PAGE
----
I feel like a MAJOR component of Guided Reading is organization.  You MUST be organized if you want to be an effective teacher, but this is even more important when you are teaching Guided Reading groups.  You must have lesson plans that are laid out and targeted to the skills your students need. There is so much to Guided Reading, and it is so important to get it right!  There are some really great books out there to help guide you if you are struggling with Guided Reading.  A few I really like are Making the Most of Small Groups by Debbie Miller and The Next Step in Guided Reading by Jan Richardson.  If you aren't familiar with either of these books, you should be!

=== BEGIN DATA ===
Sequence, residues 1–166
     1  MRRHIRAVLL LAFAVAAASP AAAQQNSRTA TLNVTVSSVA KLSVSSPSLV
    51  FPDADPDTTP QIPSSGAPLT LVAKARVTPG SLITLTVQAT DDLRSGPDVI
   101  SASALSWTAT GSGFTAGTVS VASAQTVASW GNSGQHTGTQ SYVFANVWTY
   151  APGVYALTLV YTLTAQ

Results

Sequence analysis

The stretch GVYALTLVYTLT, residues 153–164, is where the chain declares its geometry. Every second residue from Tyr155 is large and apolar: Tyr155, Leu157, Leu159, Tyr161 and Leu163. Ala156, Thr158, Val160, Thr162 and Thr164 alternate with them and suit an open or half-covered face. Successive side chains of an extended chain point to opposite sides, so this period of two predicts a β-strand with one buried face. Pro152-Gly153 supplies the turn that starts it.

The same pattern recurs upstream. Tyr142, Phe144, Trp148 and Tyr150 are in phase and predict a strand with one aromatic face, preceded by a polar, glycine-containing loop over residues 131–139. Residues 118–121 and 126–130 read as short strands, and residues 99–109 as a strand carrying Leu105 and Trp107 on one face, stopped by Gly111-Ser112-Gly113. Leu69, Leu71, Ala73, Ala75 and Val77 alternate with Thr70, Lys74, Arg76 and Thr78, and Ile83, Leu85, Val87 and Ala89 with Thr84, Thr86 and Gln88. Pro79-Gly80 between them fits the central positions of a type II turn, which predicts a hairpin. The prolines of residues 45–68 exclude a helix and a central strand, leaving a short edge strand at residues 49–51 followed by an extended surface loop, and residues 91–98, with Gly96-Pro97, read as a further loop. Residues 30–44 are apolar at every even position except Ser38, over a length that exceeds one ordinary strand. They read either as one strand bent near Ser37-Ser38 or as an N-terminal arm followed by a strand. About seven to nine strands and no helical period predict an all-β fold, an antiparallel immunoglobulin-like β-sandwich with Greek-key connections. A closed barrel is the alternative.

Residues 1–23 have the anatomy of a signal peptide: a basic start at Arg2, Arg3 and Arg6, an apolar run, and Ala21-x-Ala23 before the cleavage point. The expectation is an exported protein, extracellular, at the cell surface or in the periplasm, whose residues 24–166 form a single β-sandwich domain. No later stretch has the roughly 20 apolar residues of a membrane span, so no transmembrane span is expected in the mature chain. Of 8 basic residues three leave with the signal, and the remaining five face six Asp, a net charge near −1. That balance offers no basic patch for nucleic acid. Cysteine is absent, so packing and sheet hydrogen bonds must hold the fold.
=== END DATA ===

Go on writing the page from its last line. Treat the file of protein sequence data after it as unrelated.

This is how I organize my Guided Reading in my classroom.

At my table, I like to have all of my materials organized and at my fingertips.  This allows me to maximize my 20 minutes with each group so that we get everything accomplished!  I have a basket near my table that has most of the materials I will need in it.  Everything is right where I need it, and the students know where things are too.  I can easily lift it up and move it to my table if I need something from it.